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Article Launched:10/12/2006 01:25:39 AM PDT
No democracy in San Anselmo?
Tad Whitaker

Five candidates were interviewed this week for a vacant seat on the San Anselmo Town Council, but the session became a debate about the fairness of appointing council members.

Critics charged Tuesday night that the council is sliding into an undemocratic situation because, with the next appointment, three of the five Town Council members will have landed on the elected body without first winning an election.

One of the candidates, Ford Greene, narrowly lost to Ian Roth in last November's election, only to see Roth resign the four-year position in September.

Several people, including the other two unsuccessful candidates in last year's election, called for him to be appointed.

"I voted for Ford in November, and I want my vote to count," said Tom Fallon, a candidate in that election.

Council members will discuss the candidates and decide whom to appoint at a special meeting Tuesday.

The unusual situation dates to November 2002, when former mayor Judith Hodgens resigned because she needed more time to rebuild her house after a major fire.

The remaining four-member council appointed current Mayor Barbara Thornton to fill Hodgens' seat.

The next year, Thornton ran as an incumbent and won a full four-year term. Thornton ran alongside former mayor Peter Kilkus during an election that also featured a referendum on a controversial town garbage contract he supported.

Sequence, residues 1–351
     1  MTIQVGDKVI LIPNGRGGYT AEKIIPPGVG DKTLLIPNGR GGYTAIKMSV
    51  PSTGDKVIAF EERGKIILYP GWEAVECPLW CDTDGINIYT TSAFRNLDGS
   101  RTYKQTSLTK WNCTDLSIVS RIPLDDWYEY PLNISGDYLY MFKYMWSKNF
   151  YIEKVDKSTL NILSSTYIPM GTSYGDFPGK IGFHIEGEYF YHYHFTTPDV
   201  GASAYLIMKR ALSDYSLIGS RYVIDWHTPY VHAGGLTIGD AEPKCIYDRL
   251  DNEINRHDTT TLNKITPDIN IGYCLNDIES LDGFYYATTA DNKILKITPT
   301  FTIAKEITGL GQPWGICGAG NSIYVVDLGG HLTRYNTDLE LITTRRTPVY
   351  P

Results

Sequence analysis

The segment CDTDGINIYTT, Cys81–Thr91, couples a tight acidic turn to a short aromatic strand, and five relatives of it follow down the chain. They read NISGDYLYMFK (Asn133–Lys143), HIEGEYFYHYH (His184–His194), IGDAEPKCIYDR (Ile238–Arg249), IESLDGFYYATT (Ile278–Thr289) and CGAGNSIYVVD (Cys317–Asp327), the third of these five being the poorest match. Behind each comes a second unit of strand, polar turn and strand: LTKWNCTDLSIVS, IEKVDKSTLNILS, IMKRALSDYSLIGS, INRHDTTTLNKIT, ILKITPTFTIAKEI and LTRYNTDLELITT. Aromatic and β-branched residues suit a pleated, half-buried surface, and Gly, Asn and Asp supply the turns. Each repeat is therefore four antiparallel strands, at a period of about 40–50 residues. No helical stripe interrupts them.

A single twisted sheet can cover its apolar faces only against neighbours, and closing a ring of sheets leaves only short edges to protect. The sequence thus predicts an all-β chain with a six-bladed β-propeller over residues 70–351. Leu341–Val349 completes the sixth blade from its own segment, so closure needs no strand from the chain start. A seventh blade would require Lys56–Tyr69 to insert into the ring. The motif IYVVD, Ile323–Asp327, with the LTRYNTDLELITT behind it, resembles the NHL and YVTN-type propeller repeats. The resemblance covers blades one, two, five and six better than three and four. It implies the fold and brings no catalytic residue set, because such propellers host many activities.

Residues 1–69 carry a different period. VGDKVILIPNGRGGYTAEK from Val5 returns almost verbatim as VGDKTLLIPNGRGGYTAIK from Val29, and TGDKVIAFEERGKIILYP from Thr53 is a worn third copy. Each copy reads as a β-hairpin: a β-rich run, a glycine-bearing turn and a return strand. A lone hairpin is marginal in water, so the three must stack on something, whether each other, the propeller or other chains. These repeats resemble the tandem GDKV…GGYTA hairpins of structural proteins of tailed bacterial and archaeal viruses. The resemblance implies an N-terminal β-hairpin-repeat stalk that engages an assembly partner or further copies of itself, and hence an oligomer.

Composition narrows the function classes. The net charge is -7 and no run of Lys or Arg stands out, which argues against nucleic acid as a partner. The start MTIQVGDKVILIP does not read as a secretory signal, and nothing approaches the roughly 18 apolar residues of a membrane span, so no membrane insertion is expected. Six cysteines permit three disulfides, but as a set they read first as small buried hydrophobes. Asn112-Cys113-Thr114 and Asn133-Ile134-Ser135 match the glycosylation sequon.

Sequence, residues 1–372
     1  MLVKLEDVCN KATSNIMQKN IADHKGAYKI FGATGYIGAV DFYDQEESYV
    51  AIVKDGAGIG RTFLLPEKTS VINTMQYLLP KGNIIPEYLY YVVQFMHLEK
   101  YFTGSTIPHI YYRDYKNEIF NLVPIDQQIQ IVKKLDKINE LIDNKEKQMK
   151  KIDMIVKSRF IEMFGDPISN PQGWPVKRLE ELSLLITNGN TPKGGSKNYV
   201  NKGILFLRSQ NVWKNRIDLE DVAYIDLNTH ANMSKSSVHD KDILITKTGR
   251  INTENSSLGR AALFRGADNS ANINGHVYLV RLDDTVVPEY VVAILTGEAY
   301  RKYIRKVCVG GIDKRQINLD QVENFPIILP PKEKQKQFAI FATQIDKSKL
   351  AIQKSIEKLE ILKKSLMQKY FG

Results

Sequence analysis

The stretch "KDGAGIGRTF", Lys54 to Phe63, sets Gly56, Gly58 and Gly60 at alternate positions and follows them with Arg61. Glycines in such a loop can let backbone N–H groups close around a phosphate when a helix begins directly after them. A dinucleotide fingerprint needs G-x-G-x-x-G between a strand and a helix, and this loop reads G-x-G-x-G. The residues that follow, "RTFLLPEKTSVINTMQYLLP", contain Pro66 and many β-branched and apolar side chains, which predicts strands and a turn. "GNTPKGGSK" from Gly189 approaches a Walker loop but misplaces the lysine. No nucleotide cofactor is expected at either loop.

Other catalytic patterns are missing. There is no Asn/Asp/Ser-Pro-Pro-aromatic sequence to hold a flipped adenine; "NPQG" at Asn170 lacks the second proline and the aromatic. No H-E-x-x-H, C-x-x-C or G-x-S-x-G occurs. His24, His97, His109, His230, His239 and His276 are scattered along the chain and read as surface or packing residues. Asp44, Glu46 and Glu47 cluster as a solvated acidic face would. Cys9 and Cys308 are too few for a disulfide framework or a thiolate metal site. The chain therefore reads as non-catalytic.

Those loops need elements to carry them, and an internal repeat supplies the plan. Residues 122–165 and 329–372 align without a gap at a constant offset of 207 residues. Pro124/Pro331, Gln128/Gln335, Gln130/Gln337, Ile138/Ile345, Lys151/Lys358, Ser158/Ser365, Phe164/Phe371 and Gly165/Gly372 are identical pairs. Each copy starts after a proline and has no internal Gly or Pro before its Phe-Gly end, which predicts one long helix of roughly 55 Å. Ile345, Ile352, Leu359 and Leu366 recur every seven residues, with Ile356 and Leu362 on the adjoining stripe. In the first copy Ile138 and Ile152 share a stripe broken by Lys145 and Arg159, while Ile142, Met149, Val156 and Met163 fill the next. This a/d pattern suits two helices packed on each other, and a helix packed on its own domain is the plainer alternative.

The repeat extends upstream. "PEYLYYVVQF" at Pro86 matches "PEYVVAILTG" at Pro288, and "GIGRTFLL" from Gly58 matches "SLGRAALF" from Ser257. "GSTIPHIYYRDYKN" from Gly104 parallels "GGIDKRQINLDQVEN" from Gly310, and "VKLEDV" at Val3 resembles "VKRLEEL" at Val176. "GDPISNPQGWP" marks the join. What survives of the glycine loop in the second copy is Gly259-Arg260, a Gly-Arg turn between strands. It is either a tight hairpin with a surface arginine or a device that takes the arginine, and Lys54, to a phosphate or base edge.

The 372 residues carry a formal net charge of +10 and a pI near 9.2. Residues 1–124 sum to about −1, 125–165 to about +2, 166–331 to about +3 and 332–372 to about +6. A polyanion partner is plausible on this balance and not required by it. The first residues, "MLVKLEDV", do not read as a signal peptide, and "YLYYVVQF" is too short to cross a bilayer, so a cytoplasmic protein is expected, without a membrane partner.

Kilkus also won another four-year term, but then resigned 11 months later, saying he'd only sought another term to support the garbage contract.

The council then appointed current Councilman Wayne Cooper in November 2004 to fill the remainder of Kilkus' term.

That means two of the current four members started as appointees.

Roth's replacement would be the third.

The five candidates under consideration are:

- Greene, a lawyer who sued the town over a controversial political sign on the side of his office building;

- Judy House, a health-care administrator who is already on the Planning Commission;

- Casey Logwood, a loan agent who has lived in town for 33 years;

- Avner Sofer, an attorney who moved to town two years ago;

- Richard Taylor, a manager at the University of California at Berkeley who moved to town a year ago.

During Tuesday's meeting, the five candidates sat beside each other at a long table that faced the four council members.

Mayor Barbara Thornton asked each one the same seven questions that involved identifying serious town problems and solutions, ideas to reinvigorate the commercial area on San Anselmo Avenue south of the post office, their opinion about controversial businesses such as an adult bookstore that was proposed recently, flood response and proposed remedies, recent layoffs and reduced library hours, and proposals to build more affordable housing.

More than 40 people attended the 90-minute interview session. When it was over, residents spent more than half an hour discussing the situation and, in particular, whether Greene is entitled to Roth's seat.

Like Fallon, Lujza Mehling ran unsuccessfully for Town Council last November and asked the council to appoint Greene.

Her husband, Herman, ran unsuccessfully against Kilkus in 2004.

Lujza Mehling called for the council to adopt an ordinance that prevents the current situation from happening again. Whether the council opts for a special election in the event of a vacancy or some other solution, she said Greene is the obvious choice now.

"I believe he is the one who should be taking that seat," she said.


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